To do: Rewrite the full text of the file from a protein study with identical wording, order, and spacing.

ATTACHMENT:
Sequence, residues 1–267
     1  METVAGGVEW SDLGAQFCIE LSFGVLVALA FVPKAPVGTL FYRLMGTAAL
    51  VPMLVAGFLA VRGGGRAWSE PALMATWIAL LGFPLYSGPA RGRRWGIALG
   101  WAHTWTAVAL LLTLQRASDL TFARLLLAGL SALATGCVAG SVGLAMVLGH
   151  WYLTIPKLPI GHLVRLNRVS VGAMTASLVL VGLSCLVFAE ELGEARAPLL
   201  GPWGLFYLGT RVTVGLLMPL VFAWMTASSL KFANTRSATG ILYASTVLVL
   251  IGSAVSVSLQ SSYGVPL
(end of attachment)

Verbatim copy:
Sequence, residues 1–267
     1  METVAGGVEW SDLGAQFCIE LSFGVLVALA FVPKAPVGTL FYRLMGTAAL
    51  VPMLVAGFLA VRGGGRAWSE PALMATWIAL LGFPLYSGPA RGRRWGIALG
   101  WAHTWTAVAL LLTLQRASDL TFARLLLAGL SALATGCVAG SVGLAMVLGH
   151  WYLTIPKLPI GHLVRLNRVS VGAMTASLVL VGLSCLVFAE ELGEARAPLL
   201  GPWGLFYLGT RVTVGLLMPL VFAWMTASSL KFANTRSATG ILYASTVLVL
   251  IGSAVSVSLQ SSYGVPL